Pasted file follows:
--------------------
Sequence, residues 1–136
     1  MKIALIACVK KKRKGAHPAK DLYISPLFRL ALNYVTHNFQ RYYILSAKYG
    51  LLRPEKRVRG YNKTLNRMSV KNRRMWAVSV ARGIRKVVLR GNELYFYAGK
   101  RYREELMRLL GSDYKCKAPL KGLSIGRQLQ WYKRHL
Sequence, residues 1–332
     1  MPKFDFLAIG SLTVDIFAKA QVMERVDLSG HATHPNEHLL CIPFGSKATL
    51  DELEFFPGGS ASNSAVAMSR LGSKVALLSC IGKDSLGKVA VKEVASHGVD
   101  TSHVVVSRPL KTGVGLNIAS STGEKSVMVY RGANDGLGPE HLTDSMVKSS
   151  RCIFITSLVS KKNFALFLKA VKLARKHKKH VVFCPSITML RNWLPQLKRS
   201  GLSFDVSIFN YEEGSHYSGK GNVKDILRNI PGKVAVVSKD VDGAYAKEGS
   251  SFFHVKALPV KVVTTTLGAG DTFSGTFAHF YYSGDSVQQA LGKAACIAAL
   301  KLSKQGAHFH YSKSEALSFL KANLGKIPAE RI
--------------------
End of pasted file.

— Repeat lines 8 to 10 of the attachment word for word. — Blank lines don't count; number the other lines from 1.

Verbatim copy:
   101  TSHVVVSRPL KTGVGLNIAS STGEKSVMVY RGANDGLGPE HLTDSMVKSS
   151  RCIFITSLVS KKNFALFLKA VKLARKHKKH VVFCPSITML RNWLPQLKRS
   201  GLSFDVSIFN YEEGSHYSGK GNVKDILRNI PGKVAVVSKD VDGAYAKEGS